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Catalyzing Anchor Institutions to Invest in Healthy Local Economies

August 2019

David Zuckerman, Healthcare Anchor Network and The Democracy Collaborative
Bich Ha Pham, The Democracy Collaborative

Over the last two years, the Healthcare Anchor Network (HAN) has helped deepen our understanding of the role and potential of health systems, as anchor institutions in their communities, to address systemic economic and racial inequities. The collective activities and learning of this health system-led collaboration that is exploring what it means to embrace the “anchor mission” is supported by The Democracy Collaborative, a research, field-building, and advisory nonprofit focused on building community wealth and expanding economic democracy.

Health care is uniquely positioned to serve as an anchor sector because of its evolving mission toward more holistically addressing community and well-being, its stable role as one of the largest, community-rooted employers, and its mostly nonprofit and public status. An anchor mission entails an intentional commitment to use an institution’s place-based economic power, and human and political capital, to strengthen the local economic eco-system and address economic inequities.

A recent report that mapped the largest employer in every state underscored health care’s potential as anchors: it showed that a health system is the largest employer in at least 16 states, including HAN members University of Vermont Health Network in Vermont, Partners HealthCare in Massachusetts, Providence St. Joseph Health in Oregon and Alaska, and Intermountain in Utah (24/7 Wall St. 2019).

In addition to being large employers, health anchors are also among the largest purchasers and investors of capital in their communities. Nationally, health systems and universities have expenditures of more than $1 trillion annually, hold more than $500 million in investment assets, and employ more than 9 million people (Healthcare Anchor Network 2019). Their scale is enormous, and the potential to leverage their position to build stronger economies that prioritize equity, sustainability, and health and well-being is great.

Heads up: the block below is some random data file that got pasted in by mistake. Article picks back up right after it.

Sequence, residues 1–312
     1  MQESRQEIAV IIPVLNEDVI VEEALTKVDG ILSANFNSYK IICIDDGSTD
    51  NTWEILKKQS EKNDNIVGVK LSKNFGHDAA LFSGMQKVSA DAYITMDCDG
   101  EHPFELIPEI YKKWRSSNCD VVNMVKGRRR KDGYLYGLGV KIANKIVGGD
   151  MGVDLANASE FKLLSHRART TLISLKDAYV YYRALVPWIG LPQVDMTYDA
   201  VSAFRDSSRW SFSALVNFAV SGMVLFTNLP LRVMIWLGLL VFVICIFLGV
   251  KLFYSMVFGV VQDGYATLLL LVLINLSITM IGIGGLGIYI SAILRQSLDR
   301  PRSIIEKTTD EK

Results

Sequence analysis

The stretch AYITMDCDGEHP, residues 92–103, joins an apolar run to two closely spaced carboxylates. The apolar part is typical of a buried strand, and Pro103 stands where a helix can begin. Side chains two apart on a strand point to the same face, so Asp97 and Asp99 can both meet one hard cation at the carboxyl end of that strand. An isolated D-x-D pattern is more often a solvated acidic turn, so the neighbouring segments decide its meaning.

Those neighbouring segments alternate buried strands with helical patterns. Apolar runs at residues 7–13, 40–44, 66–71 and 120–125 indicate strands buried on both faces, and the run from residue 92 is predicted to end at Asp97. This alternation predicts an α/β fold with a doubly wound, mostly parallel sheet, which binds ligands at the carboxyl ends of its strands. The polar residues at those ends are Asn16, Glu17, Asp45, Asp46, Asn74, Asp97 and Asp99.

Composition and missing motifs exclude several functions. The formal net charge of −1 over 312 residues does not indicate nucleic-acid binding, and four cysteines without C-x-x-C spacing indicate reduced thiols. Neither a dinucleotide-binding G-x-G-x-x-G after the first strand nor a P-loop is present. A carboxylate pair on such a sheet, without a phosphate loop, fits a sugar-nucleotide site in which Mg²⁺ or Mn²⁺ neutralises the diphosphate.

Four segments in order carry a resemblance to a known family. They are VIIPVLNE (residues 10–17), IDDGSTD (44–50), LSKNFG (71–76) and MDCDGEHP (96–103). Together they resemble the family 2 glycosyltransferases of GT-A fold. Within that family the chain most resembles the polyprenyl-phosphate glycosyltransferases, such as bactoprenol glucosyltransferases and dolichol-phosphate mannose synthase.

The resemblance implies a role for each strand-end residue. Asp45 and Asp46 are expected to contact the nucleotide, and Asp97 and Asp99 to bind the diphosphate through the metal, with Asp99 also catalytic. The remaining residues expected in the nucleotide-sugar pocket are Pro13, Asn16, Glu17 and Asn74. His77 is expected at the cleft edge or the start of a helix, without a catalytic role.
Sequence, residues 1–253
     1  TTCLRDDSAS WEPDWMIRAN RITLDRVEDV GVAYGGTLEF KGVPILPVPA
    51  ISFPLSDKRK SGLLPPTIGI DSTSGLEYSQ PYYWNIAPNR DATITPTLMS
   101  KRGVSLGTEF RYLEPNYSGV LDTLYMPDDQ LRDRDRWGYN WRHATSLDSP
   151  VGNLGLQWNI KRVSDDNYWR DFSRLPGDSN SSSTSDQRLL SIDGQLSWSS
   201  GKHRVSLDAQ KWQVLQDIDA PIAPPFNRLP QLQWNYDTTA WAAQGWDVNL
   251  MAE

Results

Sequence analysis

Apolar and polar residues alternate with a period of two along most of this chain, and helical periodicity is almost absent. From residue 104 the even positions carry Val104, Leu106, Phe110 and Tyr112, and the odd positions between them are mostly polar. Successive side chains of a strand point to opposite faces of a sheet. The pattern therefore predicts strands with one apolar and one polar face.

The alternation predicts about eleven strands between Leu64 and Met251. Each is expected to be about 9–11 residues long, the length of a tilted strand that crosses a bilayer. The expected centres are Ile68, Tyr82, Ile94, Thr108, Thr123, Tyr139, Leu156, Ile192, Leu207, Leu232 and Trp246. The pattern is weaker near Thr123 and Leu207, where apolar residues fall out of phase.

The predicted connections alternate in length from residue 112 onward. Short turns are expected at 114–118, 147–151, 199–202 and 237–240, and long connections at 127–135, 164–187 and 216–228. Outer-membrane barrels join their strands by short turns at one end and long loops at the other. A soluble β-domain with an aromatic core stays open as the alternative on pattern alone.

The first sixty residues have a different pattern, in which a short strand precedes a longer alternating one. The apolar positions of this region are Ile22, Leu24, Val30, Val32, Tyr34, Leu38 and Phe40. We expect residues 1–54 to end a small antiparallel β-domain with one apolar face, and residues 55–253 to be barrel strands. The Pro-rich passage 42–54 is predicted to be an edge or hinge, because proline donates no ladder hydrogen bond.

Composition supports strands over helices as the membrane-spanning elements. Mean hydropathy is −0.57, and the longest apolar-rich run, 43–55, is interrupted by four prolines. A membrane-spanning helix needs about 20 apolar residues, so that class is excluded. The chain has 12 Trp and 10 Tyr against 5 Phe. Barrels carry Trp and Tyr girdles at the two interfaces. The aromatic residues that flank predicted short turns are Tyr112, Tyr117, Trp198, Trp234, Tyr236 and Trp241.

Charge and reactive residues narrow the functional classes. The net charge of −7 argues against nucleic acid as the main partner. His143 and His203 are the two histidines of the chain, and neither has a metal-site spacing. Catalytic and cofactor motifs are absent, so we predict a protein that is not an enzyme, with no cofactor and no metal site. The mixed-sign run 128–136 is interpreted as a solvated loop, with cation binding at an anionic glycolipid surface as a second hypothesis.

More health systems are adopting the anchor mission as a strategic priority, and HAN has grown to include more than 45 health systems, totaling more than 700 hospitals. One member, UMass Memorial Health Care, illustrates this shift, reallocating resources, realigning institutional policy, and beginning to change the organization’s culture to help ensure the success of its anchor mission. Implemented over the latter half of 2018, the hospital’s three initial pilots focus in the areas of inclusive, local hiring; inclusive, local sourcing; and place-based impact investing (Ahmad Al Kasir 2019).

Place-based impact investing enables HAN members to collaborate across sectors to improve community health in areas such as affordable housing. For example, Kaiser Permanente’s Thriving Communities Fund has committed up to $200 million to address housing instability and homelessness in communities the health system serves (Kaiser Permanente 2017). The capital is being rapidly deployed: one example is a $50 million investment that is part of a joint equity fund with Enterprise Community Partners (Kaiser Permanente 2019). Along with Facebook, Genentech, the Silicon Valley Community Foundation, and other partners, the health system is also a member of the newly formed Partnership for the Bay’s Future that aspires to solve the interconnected structural and economic challenges facing the San Francisco Bay area (Partnership for the Bay’s Future 2019).

Other HAN members that have engaged in or committed to placed-based investing include Bon Secours Mercy Health, CommonSpirit Health, Intermountain Healthcare, Providence St. Joseph Health, Rush University Medical Center, Trinity Health, and UMass Memorial Health Care.

HAN members are also engaging in equitable economic development. In Cleveland, University Hospitals (UH) opened the UH Rainbow Center for Women and Children, which was designed, with the help of a community advisory board, to meet the needs of the community by co-locating health services, legal services, WIC, and a pharmacy (The Plain Dealer 2018). In Los Angeles, Kaiser Permanente collaborated with 2nd Call, a community organization that helps formerly incarcerated individuals successfully reenter society, to construct its new state-of-the-art Baldwin Hills-Crenshaw Medical Office Building (Kaiser Permanente 2017).